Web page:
These brined pork chops are the best way to enjoy chops! Juicy, tender, and so full of flavor this is the ultimate recipe for pork chops that’s easy as can be to master! Enjoy the flavors of brown sugar, rosemary, and garlic in each delicious bite.
There’s no need to fear making pork chops when this recipe is in your repertoire. Gone are the days of dry and bland overcooked pieces of pork that are better used as door stops than dinner. This brine recipe makes a pork chop that is perfectly seared on the outside and supremely succulent on the inside.
Ingredients for this recipe
- Dark Brown Sugar
- Kosher Salt
- Fresh Rosemary
- Fresh Thyme
- Whole Peppercorns
- Whole Allspice
- Bay Leaf
- Garlic Cloves
Making a brine is so simple. If you can heat water, you can make a brine. Here’s how:
How to make a meat brine
- Dissolve the brown sugar and kosher salt. In some hot water. We’re not looking to boil it, just get it hot enough to dissolve everything.
- Add the bourbon and aromatics. Just stir it all together. So simple! Then let it steep for a few minutes.
- Pour everything over ice. We want to cool the brine so that we don’t cook the meat when we add it. I like to use these containers for recipes like this.
- Add the pork chops. And then set the whole container in the fridge for 5 – 8 hours.
Searing Pork Chops in a Pan
After the pork chops have had time to hang out in the brine, they are removed and patted dry with paper towel.
To get a good sear on the chops, place a cast iron pan over high heat until smoking. Add some grapeseed oil (or another oil with a high smoke point) and then add the pork chops one or two at a time, being sure not to overcrowd the pan.
For perfectly cooked bone-in pork chops, sear on each side for 3 – 4 minutes. Check the internal temperature of the meat with an instant read thermometer. The pork chops should be right around 145 degrees for medium rare (carryover cooking will bring the chops up a few degrees after being removed from the pan). If you like your pork chops more medium to medium-well done, add another minute or two to each side.
In the last minute of cooking, add two tablespoons of unsalted butter to the pan, along with a few springs of rosemary, thyme, and a few garlic cloves. Spoon the melted butter over the top of the pork for a perfect finish!
What is a brine? Typically, a brine is a mixture of water, salt, and sugar that is used to flavor various kinds of meat, such as turkey or pork. It is often flavored with herbs and aromatics like rosemary, peppercorns, and garlic. By submerging meat into a brine, the flavor that is in the liquid gets absorbed into the fibers of the meat, and the salt helps to seal in moisture.
Can I use regular table salt instead of Kosher? When it comes to cooking, I prefer kosher salt above all other salts, and always make sure to state it in my recipes. The grains are coarser and thicker and stick better to food than regular table salt. Because of the size, kosher salt is “less salty” than an equal amount of table salt. So, if you’re going to substitute regular table salt for the kosher in this recipe, use half of the amount as called for in the recipe, meaning ¼ cup.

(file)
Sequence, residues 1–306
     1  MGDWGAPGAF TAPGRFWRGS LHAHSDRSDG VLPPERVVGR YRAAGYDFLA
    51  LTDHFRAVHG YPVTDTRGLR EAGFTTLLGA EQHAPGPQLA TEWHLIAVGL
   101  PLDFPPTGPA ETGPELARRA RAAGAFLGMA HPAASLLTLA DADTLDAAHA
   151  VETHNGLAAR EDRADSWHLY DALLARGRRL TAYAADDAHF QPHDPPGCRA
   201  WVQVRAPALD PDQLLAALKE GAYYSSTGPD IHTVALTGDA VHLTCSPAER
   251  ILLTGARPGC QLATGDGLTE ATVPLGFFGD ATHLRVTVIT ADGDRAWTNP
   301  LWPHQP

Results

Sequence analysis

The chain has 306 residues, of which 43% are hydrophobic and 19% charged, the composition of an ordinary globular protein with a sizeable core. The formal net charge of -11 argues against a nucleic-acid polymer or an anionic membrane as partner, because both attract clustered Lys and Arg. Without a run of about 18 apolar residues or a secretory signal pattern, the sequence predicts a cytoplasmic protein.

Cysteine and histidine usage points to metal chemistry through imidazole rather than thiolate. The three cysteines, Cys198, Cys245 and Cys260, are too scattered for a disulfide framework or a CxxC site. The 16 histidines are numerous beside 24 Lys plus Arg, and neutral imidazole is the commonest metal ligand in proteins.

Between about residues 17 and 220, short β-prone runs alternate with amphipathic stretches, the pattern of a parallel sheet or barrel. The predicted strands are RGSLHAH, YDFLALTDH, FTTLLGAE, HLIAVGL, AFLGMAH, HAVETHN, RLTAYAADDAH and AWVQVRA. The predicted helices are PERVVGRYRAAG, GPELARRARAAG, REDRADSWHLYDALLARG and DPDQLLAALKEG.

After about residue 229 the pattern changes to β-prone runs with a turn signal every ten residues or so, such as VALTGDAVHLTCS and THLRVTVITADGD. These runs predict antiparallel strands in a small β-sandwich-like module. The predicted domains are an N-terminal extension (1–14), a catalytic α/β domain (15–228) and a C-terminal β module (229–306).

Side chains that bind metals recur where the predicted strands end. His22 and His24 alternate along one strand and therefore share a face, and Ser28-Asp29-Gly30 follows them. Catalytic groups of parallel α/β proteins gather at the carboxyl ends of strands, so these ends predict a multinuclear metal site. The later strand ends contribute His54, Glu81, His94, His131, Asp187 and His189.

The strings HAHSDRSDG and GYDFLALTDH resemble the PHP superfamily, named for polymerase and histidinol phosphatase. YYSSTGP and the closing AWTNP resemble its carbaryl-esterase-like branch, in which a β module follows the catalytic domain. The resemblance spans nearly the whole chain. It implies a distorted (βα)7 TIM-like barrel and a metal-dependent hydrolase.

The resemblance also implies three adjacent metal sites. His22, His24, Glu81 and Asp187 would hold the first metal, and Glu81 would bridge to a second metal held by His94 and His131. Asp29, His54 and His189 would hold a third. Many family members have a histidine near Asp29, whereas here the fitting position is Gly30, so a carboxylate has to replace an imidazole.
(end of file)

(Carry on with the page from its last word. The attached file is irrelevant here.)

Can I omit the bourbon? Sure. Though I think it adds beautiful flavor to the chops and a certain sweetness. If you’re going to leave out the bourbon, add another ¼ cup dark brown sugar.
Does this brine work for grilled pork chops? Yes! Proceed with the recipe all the way through patting the pork chops dry. Then, set the pork chops over a medium-high, direct heat for 3 - 4 minutes on each side.
Can I use boneless pork chops? Yes! You may want to adjust the cooking time by about one or two minutes less to avoid a dry pork chop. A boneless chop will also require a bit less time in the brine, and will be ready to cook after about 3 hours, though of course it can marinate for the entire time.
Great sides for pork chops
- Creamed Kale
- Bacon Braised Brussels Sprouts with Balsamic Reduction
- Honey Glazed Roasted Carrots
- Buttery Mashed Potatoes
Brined Pork Chops
- Large pot
- Large, lidded Tupperware
- Instant Read Thermometer
- Cast Iron Skillet
For the brine:
- 3 cups cool water
- ½ cup dark brown sugar
- ½ cup kosher salt
- ¾ cup bourbon
- 1 tsp. whole peppercorns
- 4 whole allspice
- 2 – 4 garlic cloves
- 1 bay leaf
- 3 – 4 fresh thyme sprigs
- 3 – 4 fresh rosemary sprigs
- 4 cups ice cubes
For the pork chops:
- 2 pounds 1-inch thick bone-in pork chops (about 3 or 4)
- 1 ½ TBSP grapeseed oil
- 3 TBSP unsalted butter
For the brine:
- In a large pot, heat the water, brown sugar, and kosher salt, stirring until the salt and sugar are dissolved, about 5 minutes. Add the bourbon, peppercorns, allspice, garlic cloves, bay leaf, thyme, and rosemary. Let aromatics steep for a few minutes before removing from heat.
- Place the ice cubes in a large Tupperware and pour the brine over top. Stir until ice cubes have melted and brine has cooled.
For the pork chops:
- Place the chops in the brine, cover, and refrigerate for 5 – 8 hours.
- When ready to cook, place a cast iron skillet over high heat and add the grapeseed oil. Remove the chops from the brine and pat dry with paper towel.
- When the oil is shimmering, add one or two pork chops to the pan (depending on the size of your skillet, be sure not to over crowd the pan). Cook pork chops for 3 – 4 minutes before flipping and cooking for another 3 – 4 minutes. In the last minute of cooking, add the butter to the skillet and spoon it over the pork chops as they finish cooking.
- When pork chops register 145 degrees on an instant read thermometer remove from pan to rest for 5 minutes so the juices redistribute before enjoying!
- Refer to post for notes on grilling instructions or substituting regular table salt in place of kosher salt.
- If desired, add garlic cloves, fresh thyme, and rosemary to the melted butter while the pork chops cook (I like to reuse what was in the brine!).